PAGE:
Spun (May 11/03)
Spun probably would've been a lot more effective if Requiem for a Dream didn't exist. The two films are incredibly similar in style, with the latter taking a much more somber approach to its subject. Spun is mostly played for laughs, as evidenced by the broad style employed by the various actors. And while Requiem for a Dream is ultimately a good deal more powerful than Spun, the film is enjoyable enough - albeit in an entirely forgettable way.
Jason Schwartzman stars as Ross, a college dropout addicted to crystal-meth. Over the course of three days, Ross encounters a variety of oddball folks - including a stripper named Nikki (Brittany Murphy) and her boyfriend, the local meth producer, The Cook (Mickey Rourke) - but all he really wants to do is hook up with his old girlfriend, Amy.
There's not much plot in Spun, but in all fairness, it'd be near impossible to jam a plot into a flick like this. Director Jonas Akerlund makes up for that shortcoming by infusing virtually every sequence with outrageous visuals, while keeping the pace extremely brisk. It's the kind of movie that's basically entertaining while you're watching it, but will more than likely be instantly forgotten the minute it's over. Part of the problem is that there's nothing too serious here; aside from the fact that these characters are all drug addicts, the tone of the film is kept fairly light. Akerlund's more interested in exploring the everyday existence of these people, and as such, keeps the proceedings relatively free of obvious story interruptions.
Having said that, there is quite a lot going on in Spun - mostly involving Ross and his attempts to break free of this lifestyle. The film goes to great lengths to introduce a variety of quirky characters, and with the exception of Ross and Nikki, they're a mostly cartoonish bunch. From Spider Mike, the tweaked-out dealer played by John Leguizamo to the two over-the-top police officers (Peter Stormare and Alexis Arquette) that work for a reality show called BUST, there's not much subtlety at work here. But Akerlund's direction is about as grandiose as the characters, which elevates the film to a level that's almost farcical. Through it all, though, Schwartzman's Ross remains someone that we have a certain amount of sympathy for - despite the fact that he keeps a stripper tied to his bed for the majority of the film's duration. It's interesting to note that, among the actors, Rourke winds up being Spun's scene stealer. He's finally found a role that his increasingly sleazy presence is perfectly suited for, and The Cook becomes a character that could probably sustain a film of his own.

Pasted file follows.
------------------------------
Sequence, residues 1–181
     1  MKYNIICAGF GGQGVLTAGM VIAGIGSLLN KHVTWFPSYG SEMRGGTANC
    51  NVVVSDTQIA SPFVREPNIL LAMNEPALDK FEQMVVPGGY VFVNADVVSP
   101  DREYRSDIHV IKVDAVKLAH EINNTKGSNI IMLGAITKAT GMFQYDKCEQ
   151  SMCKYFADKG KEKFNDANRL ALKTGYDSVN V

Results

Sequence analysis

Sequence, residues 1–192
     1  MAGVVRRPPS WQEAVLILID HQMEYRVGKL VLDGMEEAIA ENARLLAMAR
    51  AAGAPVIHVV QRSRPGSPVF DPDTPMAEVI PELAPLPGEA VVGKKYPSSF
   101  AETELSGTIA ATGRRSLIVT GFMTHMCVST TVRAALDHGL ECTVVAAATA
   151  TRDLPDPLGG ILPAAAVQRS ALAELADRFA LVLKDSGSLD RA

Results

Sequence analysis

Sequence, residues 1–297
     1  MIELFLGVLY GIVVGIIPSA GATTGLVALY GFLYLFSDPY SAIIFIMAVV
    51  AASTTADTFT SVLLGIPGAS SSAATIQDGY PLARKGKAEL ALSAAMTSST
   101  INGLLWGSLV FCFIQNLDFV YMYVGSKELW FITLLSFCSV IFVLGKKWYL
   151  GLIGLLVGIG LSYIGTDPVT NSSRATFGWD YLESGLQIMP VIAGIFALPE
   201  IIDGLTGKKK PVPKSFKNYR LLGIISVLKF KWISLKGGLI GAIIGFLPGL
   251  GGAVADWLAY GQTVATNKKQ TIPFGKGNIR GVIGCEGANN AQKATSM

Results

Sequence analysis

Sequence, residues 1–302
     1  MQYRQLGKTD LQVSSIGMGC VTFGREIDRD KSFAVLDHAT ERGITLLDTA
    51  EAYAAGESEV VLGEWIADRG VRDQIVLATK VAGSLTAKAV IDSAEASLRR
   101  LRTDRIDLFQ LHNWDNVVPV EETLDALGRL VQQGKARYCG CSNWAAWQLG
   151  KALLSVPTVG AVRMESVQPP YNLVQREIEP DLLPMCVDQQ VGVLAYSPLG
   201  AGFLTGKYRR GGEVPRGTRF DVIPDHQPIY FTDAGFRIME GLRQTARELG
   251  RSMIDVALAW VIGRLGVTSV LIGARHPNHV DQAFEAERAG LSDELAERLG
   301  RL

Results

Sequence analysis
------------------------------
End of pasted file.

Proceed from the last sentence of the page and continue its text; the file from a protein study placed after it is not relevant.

Some mention must be made of the movie's score, which has been written by Billy Corgan (formerly of Smashing Pumpkins). Corgan does a fantastic job of putting music to some really bizarre visuals, and even provides several songs that appear throughout the film. And while the score may be one of the more effective elements of the film, there's a lot worth recommending about Spun. Though it lacks the power of Requiem for a Dream, it'll probably satisfy filmgoers in the mood for a wacky comedy that's slightly more subversive than Weekend at Bernie's.